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Embryonal prostatic rhabdomyosarcomas disguised presentation in an adolescent male: a case report

Abstract

Primary rhabdomyosarcoma of the prostate is a malignancy primarily of pediatric age group with most cases seen during infancy and childhood. Majority present with urinary symptoms but the case we report here presented at 16 years of age and had unusually nonspecific and temporally protracted nature of symptoms prior to the presentation. This remarkable unusualness lead to a delay in presentation and contributed to an eventually unfavorable outcome.

Introduction

Primary embryonal prostatic rhabdomyosarcoma (EPRM) is an uncommon tumor and most cases, as reported in the past, present early in age and with predominant lower urinary tract symptoms [1, 2]. We report a case which is unusual for its conspicuous absence of urinary symptoms or lymphadenopathy in spite of the widespread disease at presentation. The relatively nonspecific constitutional and protracted complaints of fever and polyarthralgias masquerading like that of a systemic illness, lead to a delayed presentation and poor prognosis for the patient.

Case presentation

A 16-year-old Asian-Indian male student presented with progressively worsening dyspnea on exertion and new onset skin nodules over past one week. He has had polyarthralgias and low grade fever of two months duration. Past and personal history was unremarkable for any significant illness, allergy or high-risk behavior. Patient had received broad spectrum antibiotics prior to the admission for his constitutional symptoms without any clinical benefit. On examination the patient was febrile, pale, normotensive with sinus tachycardia, and had multiple non-tender subcutaneous nodules, two to four centimeters in size, predominantly on the scalp, face and upper trunk. He also had scattered crackles all over the chest, mild splenomegaly and non-tender prostate enlargement. Investigations showed normocytic normochromic anemia, hypercalcemia and hyperuricemia. Routine urinalysis was normal. No laboratory evidence of tuberculosis, immuno-compromised state or an autoimmune disorder was observed. Chest imaging (Figure 1) showed multiple bilateral nodular densities. Patient was hydrated, transfused blood products and put on an empirical broad spectrum antibiotic cover pending blood and urine culture reports which eventually turned out to be sterile. Computed tomography of abdomen unveiled an incidental, 6 × 5 × 5 cm homogenous soft tissue mass rising from prostrate. The prostate specific antigen (PSA) and prostatic acid phosphatase (PAP) were within normal limits. Trucut biopsy (of forehead nodule) was done; the microscopy and immuno-histochemistry suggested an embryonal rhabdomyosarcoma (Figure 2). Patient subsequently was found to have multiple osteolytic lesions in the skull, pelvis and proximal long bones. In view of a metastatic prostatic embryonal rhabdomyosarcoma the patient was started on vincristine, adriamycin and cyclophosphamide regimen. After a transient initial clinical response the patient succumbed to complications of widespread disease after 3 weeks. An autopsy could not be consented for by the patient's relatives.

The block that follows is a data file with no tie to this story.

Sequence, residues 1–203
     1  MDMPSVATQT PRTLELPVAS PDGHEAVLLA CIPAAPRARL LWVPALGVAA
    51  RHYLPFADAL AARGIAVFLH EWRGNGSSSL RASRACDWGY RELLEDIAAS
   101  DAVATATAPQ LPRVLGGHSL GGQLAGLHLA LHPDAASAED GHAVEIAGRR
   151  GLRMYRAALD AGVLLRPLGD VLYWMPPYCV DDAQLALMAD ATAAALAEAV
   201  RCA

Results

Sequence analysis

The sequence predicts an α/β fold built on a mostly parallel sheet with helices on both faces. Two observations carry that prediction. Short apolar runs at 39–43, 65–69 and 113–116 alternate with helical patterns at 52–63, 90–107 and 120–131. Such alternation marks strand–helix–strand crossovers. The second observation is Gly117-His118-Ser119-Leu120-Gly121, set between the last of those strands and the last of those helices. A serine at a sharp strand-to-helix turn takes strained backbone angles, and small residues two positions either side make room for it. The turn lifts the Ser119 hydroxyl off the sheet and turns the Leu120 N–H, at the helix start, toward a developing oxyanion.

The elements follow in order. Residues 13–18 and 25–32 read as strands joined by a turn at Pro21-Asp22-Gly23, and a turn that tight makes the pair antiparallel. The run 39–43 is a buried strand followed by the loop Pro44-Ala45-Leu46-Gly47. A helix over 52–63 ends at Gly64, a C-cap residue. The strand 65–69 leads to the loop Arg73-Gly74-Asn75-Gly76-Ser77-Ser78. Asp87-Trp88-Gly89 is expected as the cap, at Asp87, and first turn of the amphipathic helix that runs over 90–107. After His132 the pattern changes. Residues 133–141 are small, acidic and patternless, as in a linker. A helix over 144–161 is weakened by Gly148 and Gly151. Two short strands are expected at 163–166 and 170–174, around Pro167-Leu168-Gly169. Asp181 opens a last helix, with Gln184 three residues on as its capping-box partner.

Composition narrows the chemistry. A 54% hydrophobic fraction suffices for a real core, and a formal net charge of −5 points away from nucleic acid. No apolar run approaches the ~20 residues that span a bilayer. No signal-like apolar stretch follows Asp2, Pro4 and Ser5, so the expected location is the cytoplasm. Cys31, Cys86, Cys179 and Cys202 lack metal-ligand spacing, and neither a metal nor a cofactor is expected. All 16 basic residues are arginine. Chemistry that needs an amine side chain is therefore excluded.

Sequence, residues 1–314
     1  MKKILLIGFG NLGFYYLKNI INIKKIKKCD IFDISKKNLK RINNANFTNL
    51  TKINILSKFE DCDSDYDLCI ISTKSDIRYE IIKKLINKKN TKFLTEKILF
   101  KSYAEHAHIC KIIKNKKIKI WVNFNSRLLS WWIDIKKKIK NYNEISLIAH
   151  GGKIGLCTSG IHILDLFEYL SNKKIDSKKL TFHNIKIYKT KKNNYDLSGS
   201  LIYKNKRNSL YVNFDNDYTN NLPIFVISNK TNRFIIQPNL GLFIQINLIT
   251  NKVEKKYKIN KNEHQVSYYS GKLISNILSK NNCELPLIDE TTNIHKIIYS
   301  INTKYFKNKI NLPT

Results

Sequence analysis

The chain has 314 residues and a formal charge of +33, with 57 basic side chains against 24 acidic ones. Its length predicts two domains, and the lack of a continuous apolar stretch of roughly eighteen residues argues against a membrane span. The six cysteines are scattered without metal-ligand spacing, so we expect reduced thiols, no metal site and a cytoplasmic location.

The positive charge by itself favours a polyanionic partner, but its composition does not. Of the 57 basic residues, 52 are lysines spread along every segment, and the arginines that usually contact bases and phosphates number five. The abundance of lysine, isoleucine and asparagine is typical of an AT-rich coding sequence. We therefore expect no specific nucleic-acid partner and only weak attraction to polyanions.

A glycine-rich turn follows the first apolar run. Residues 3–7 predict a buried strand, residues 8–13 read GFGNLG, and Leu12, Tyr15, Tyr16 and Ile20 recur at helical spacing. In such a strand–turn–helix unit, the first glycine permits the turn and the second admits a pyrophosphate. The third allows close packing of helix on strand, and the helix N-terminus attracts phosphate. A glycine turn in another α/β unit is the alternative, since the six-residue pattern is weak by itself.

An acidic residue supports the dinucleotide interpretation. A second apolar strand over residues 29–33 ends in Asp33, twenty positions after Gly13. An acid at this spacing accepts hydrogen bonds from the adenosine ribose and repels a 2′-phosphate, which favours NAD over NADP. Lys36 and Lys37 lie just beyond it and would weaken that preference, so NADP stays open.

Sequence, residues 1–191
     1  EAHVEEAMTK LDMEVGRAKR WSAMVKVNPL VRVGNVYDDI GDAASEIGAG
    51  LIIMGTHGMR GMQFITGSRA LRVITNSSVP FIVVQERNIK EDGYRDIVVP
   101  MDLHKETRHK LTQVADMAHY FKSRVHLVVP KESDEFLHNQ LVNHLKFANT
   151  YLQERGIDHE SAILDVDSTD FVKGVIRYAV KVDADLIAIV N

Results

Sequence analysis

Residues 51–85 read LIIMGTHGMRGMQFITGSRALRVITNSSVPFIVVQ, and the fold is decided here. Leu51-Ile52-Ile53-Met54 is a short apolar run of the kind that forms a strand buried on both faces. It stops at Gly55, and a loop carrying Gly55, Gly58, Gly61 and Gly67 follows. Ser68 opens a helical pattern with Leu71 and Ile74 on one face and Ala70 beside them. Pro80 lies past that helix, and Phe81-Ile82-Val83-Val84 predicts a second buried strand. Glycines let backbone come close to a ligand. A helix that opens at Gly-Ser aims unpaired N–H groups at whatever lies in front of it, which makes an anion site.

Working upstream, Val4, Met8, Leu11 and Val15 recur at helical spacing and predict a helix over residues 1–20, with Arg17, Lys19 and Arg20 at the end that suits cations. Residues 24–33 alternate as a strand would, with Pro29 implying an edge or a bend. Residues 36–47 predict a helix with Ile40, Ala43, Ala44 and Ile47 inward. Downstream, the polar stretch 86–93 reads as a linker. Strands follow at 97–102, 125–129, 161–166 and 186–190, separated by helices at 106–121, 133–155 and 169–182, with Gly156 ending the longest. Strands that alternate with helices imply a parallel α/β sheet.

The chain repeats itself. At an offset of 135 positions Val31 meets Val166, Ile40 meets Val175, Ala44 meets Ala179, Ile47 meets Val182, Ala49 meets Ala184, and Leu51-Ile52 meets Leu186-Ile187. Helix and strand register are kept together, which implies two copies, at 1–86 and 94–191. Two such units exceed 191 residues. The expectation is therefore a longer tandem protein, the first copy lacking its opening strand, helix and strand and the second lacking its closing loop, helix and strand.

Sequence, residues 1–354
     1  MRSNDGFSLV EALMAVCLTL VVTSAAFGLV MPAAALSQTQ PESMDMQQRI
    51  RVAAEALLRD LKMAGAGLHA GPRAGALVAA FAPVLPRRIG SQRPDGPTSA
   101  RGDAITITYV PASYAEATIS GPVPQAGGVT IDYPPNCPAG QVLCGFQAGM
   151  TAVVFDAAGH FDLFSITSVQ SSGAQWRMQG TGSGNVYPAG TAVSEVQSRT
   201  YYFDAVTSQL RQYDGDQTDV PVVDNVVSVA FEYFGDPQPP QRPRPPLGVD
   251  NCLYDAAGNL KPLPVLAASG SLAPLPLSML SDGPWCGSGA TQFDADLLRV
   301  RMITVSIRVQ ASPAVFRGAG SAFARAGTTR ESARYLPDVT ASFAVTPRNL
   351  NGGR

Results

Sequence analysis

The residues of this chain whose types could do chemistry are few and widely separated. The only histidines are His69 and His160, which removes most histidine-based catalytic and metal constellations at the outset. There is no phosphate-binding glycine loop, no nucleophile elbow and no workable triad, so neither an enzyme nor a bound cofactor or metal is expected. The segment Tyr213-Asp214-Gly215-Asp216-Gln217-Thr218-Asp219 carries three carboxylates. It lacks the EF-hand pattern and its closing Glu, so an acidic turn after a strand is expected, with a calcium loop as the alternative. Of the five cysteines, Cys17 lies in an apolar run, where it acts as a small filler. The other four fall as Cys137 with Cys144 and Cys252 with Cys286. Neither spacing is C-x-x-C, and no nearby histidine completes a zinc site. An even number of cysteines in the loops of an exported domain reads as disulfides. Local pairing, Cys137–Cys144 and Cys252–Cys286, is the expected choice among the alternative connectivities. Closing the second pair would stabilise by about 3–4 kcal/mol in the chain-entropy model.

Figure 1
figure1

CECT chest (lung window) shows multiple varying nodules in both lungs.

Figure 2
figure2